What are the can’t-miss things to do when Orlando City fans visit a Vancouver Whitecaps game?

MD: Supporter culture is alive and well here in Vancouver. The three main supporters’ groups all have their own pubs and bars where they meet for a pint before and after matches. The Vancouver Southsiders are by far the largest group in the city, with over 1,200 members, and they meet at Doolin’s Irish Pub before marching en masse over to BC Place (singing and chanting the entire way, of course!). The Southsiders have a visitor’s guide to the city on their website and encourage other (respectful and friendly) supporters to join them for a pint. The Southsiders regularly invite other supporters’ groups, such as Gorilla FC (Seattle, WA) and the Timbers Army (Portland, OR), to enjoy a pint and some good times after matches.

Who are the key players on the Vancouver roster that we should know about?

MD: Our key players include our Chilean Maestro, who is better known to the rest of MLS as attacking midfielder Pedro Morales. Pedro was signed from La Liga club Málaga CF last winter as a designated player. Pedro has been a revelation, and leads the team in many categories. Other important players include Mauro Rosales, Matias Laba, David Ousted and Russell Teibert.

Which Whitecaps do you think might get exposed in the upcoming MLS Expansion Draft?

MD: This is an interesting question, and one that we have been debating quite a bit amongst ourselves in recent times. The Whitecaps have had problems consistently scoring goals this season after 2013 MLS Golden Boot winner Camilo Sanvezzo left for Mexican club Querétaro FC last winter. The Whitecaps’ brass stated recently that they are looking to add as many as five or six new players in the off-season, with a proven goal scorer as the top priority.

The gaffer has a list of seven or eight “target” players identified and will make a move as soon as he is able to, and I would think that this may expose some forwards, such as Darren Mattocks and Erik Hurtado in the process. Looking through the roster I think that we may see center back Andy O’Brien exposed for the expansion draft as well, but other than that the rest is a guess. Several other players have signed either new deals or contract extensions this year, so anyone else that may be left exposed for the draft entirely depends on what direction the team decides to go for 2015. The Whitecaps are in the thick of the playoff hunt here in the west, and many of us believe we are very close to becoming a very competitive team.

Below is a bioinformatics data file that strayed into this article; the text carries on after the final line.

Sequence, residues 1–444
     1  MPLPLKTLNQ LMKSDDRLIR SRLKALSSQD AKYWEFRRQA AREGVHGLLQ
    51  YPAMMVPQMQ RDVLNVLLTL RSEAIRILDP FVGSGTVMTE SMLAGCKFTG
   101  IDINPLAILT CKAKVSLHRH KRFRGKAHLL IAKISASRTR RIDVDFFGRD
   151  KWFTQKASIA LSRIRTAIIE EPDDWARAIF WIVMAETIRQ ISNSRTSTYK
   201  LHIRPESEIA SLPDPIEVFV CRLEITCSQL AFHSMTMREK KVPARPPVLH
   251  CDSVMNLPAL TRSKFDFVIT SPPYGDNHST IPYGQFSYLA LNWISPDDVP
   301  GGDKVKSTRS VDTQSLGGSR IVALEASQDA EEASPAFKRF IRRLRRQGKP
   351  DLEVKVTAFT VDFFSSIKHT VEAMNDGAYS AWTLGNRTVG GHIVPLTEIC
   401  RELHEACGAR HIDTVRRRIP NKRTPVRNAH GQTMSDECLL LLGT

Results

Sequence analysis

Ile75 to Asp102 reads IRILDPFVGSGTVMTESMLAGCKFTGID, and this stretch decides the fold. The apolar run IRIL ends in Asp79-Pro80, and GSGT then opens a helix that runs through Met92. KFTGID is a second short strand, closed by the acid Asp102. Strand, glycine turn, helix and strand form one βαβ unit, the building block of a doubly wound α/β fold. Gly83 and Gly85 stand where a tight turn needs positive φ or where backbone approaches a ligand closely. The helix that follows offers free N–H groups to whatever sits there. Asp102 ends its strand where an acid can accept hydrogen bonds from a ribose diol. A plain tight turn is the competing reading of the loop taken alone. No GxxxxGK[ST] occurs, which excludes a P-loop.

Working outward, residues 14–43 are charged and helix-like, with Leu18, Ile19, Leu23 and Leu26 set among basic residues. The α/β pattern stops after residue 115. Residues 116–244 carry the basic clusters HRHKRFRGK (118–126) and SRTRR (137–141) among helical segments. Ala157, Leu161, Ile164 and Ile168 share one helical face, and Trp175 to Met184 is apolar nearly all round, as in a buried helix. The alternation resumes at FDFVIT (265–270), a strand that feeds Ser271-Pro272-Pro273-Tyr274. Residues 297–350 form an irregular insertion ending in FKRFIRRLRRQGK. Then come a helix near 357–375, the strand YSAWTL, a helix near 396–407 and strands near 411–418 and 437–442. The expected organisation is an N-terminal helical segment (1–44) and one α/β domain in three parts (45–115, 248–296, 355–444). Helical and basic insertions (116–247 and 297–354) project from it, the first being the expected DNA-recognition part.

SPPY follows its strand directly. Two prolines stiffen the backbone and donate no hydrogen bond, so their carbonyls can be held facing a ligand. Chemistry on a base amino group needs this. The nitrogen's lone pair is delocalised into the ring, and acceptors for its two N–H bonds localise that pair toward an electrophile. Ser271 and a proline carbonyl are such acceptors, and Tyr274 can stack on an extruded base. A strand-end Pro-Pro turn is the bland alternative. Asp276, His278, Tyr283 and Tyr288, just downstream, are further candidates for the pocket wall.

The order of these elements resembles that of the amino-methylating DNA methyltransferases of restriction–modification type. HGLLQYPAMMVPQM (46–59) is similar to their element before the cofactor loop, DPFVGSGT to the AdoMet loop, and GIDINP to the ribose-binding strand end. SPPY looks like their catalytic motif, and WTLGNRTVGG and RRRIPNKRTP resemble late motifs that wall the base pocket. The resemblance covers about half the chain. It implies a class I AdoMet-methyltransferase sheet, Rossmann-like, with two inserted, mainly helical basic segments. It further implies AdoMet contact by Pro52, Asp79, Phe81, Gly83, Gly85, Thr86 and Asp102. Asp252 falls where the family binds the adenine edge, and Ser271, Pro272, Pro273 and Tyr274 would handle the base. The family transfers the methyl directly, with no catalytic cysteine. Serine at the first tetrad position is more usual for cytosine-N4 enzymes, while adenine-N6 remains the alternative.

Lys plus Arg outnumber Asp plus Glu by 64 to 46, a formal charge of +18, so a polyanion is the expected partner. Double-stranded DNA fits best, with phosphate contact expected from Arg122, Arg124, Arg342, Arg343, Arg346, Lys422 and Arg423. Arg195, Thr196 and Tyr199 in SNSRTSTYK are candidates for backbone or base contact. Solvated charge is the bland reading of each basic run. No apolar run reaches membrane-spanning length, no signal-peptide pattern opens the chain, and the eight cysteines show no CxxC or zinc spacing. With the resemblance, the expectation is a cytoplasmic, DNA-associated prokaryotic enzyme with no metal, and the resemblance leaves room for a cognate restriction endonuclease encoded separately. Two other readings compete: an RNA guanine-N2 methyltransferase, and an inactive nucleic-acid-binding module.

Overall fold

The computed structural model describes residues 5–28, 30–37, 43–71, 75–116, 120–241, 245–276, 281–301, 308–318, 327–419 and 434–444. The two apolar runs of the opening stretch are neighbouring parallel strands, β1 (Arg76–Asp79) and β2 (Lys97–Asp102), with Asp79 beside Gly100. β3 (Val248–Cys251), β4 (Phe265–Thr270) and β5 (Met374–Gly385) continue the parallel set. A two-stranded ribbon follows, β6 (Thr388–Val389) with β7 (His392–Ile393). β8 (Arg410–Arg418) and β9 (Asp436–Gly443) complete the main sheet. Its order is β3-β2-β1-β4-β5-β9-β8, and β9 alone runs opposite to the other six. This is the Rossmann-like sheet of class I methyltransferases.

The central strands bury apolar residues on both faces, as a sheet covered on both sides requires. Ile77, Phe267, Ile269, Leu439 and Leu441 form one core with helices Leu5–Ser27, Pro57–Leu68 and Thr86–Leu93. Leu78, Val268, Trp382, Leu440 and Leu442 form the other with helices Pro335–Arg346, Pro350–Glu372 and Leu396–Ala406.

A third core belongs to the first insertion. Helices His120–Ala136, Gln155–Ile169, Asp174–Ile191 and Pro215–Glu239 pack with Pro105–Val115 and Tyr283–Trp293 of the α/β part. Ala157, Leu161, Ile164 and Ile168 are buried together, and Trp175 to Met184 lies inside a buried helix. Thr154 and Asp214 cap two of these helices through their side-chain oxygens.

We’d like to thank Mark for giving us the inside dope on the Whitecaps. Vancouver seems like a great place for an Orlando City road trip.

Previous “Meet Our New Foes”:

Chicago Fire
Columbus Crew SC
FC Dallas
New England Revolution
New York Red Bulls
Seattle Sounders
Sporting Kansas City

 

Advertisements

Leave a Reply

Fill in your details below or click an icon to log in:

WordPress.com Logo

You are commenting using your WordPress.com account. Log Out / Change )

Twitter picture

You are commenting using your Twitter account. Log Out / Change )

Facebook photo

You are commenting using your Facebook account. Log Out / Change )

Google+ photo

You are commenting using your Google+ account. Log Out / Change )

Connecting to %s